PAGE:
Triblock-Terpolymer-Directed Self-Assembly of Mesoporous TiO2: High-Performance Photoanodes for Solid-State Dye-Sensitized Solar Cells
Yufa, Nataliya A.
Snaith, Henry J.
KAUST Grant NumberKUS-C1-018-02
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AbstractA new self-assembly platform for the fast and straightforward synthesis of bicontinuous, mesoporous TiO 2 films is presented, based on the triblock terpolymer poly(isoprene - b - styrene - b - ethylene oxide). This new materials route allows the co-assembly of the metal oxide as a fully interconnected minority phase, which results in a highly porous photoanode with strong advantages over the state-of-the-art nanoparticle-based photoanodes employed in solidstate dye-sensitized solar cells. Devices fabricated through this triblock terpolymer route exhibit a high availability of sub-bandgap states distributed in a narrow and low enough energy band, which maximizes photoinduced charge generation from a state-of-the-art organic dye, C220. As a consequence, the co-assembled mesoporous metal oxide system outperformed the conventional nanoparticle-based electrodes fabricated and tested under the same conditions, exhibiting solar power-conversion efficiencies of over 5%. © 2012 WILEY-VCH Verlag GmbH & Co. KGaA, Weinheim.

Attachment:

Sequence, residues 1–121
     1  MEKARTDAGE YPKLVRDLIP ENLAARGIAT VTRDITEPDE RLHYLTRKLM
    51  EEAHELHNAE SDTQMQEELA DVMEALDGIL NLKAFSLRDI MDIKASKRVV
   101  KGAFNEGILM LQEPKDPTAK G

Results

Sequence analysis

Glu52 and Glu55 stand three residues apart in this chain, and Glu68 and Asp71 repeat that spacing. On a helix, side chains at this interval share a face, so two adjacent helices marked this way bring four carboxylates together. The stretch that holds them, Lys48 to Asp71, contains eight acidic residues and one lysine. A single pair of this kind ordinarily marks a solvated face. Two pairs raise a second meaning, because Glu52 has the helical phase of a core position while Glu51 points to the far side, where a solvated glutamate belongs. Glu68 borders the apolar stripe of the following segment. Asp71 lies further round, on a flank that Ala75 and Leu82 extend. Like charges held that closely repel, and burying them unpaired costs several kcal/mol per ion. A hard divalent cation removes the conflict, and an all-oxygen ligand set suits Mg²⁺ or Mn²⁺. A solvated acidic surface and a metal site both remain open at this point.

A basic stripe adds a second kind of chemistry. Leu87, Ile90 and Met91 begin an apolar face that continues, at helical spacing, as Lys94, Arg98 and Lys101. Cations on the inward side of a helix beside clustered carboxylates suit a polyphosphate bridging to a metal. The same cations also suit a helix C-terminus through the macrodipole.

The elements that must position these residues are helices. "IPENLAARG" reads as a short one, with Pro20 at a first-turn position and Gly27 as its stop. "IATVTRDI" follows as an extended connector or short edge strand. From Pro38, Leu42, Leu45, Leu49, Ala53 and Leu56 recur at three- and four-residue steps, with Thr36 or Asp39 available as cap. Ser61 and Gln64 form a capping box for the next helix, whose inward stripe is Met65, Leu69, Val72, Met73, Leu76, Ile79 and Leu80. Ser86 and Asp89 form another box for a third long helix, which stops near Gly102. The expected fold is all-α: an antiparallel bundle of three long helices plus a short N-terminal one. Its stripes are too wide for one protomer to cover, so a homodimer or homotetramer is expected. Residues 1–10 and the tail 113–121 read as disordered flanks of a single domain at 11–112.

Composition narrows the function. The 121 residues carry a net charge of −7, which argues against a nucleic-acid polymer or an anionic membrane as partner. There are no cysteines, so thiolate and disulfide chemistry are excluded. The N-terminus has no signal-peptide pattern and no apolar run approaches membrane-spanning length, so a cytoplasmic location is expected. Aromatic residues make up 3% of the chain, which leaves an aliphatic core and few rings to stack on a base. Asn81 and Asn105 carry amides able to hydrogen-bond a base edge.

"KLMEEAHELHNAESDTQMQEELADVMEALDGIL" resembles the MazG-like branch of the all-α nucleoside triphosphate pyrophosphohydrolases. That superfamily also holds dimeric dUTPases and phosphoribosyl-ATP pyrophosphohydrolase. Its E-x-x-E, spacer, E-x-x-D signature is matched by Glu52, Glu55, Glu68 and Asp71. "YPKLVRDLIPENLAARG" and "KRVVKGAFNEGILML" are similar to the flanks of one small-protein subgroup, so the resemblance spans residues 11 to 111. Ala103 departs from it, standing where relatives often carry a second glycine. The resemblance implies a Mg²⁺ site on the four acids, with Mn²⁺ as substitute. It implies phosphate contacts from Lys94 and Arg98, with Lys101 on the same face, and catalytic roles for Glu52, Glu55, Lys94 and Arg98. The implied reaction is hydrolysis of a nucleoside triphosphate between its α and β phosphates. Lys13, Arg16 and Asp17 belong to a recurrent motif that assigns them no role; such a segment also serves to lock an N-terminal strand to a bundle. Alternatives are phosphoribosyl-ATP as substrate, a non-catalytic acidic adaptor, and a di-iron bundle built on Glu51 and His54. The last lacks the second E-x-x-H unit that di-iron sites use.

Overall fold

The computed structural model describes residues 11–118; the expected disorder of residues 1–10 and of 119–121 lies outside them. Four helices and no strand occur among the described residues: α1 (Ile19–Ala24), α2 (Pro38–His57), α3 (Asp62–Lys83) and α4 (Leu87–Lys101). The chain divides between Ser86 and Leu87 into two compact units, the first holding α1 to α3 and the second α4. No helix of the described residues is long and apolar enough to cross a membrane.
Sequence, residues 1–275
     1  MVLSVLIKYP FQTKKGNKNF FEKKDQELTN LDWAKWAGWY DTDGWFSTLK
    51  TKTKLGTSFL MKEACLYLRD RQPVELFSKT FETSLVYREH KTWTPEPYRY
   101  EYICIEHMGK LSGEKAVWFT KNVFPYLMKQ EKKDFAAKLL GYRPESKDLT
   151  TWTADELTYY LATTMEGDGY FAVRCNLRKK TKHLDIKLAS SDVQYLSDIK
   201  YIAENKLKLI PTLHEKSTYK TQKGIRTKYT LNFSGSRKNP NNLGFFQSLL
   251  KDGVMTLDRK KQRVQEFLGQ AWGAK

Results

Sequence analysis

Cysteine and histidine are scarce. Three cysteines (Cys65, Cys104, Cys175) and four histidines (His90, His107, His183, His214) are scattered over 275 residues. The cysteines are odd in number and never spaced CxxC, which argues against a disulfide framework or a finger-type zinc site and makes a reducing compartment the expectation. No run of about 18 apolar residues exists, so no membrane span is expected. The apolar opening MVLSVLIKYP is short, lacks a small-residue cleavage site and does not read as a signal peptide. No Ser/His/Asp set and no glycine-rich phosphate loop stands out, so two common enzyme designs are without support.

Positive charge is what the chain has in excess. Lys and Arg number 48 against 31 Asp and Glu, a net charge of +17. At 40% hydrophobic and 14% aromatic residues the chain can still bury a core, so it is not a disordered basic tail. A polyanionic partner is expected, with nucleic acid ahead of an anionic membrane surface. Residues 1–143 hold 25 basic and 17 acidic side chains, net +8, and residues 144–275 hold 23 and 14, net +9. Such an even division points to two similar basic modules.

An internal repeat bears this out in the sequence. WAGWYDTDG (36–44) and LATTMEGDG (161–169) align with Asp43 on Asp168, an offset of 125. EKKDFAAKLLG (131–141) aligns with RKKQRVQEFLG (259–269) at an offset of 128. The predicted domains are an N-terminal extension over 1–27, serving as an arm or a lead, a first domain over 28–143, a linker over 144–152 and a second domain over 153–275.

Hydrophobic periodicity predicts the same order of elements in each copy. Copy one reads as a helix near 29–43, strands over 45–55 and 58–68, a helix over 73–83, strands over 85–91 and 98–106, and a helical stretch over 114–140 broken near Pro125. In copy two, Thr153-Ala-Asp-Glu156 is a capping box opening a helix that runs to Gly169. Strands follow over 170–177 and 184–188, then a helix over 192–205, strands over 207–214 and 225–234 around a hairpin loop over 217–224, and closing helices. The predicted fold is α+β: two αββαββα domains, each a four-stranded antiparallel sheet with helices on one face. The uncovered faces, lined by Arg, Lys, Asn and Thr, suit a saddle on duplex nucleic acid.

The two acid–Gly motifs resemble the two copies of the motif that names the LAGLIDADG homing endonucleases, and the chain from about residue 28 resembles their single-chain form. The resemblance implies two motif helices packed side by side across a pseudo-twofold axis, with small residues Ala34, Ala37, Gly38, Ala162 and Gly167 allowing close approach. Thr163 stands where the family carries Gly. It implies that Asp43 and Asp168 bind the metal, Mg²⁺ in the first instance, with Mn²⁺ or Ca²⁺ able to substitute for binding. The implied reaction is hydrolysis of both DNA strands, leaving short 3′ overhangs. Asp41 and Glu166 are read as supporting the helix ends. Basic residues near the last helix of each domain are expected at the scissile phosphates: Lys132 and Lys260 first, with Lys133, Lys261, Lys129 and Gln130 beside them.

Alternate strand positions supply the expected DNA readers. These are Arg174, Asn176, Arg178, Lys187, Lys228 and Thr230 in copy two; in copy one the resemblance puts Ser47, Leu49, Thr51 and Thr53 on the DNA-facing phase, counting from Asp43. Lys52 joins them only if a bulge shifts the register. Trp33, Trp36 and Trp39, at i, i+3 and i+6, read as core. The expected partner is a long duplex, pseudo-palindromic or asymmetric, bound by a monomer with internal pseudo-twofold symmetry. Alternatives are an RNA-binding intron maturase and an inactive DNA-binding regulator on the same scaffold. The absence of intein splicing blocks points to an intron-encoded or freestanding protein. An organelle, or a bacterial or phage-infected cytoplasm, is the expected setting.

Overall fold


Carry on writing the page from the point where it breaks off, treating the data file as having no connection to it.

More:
CitationDocampo P, Stefik M, Guldin S, Gunning R, Yufa NA, et al. (2012) Triblock-Terpolymer-Directed Self-Assembly of Mesoporous TiO2: High-Performance Photoanodes for Solid-State Dye-Sensitized Solar Cells. Adv Energy Mater 2: 676–682. Available: http://dx.doi.org/10.1002/aenm.201100699.
SponsorsThis publication is based on work supported in part by Award No. KUS-C1-018-02, made by King Abdullah University of Science and Technology (KAUST), the European Community's Seventh Framework Programme (FP7/2007-2013) under grant agreement No. 246124 of the SANS project, the EPSRC (EP/F056702/1 and EP/F065884/1), the Department of Energy (DE-FG02 87ER45298) through the Cornell Fuel Cell Institute (CFCI) and the National Science Foundation (DMR-1104773). M. S. was supported by the Cornell Fuel Cell Institute and the Energy Materials Center at Cornell (EMC2), an Energy Frontier Research Center funded by the US Department of Energy, Office of Science, Office of Basic Energy Sciences under Award No. DE-SC0001086. N.C. and P. W. acknowledge the the National 973 Program (No. 2011CBA00702) for financial support. Reference numbering was adjusted due to duplication May 29, 2012.
JournalAdvanced Energy Materials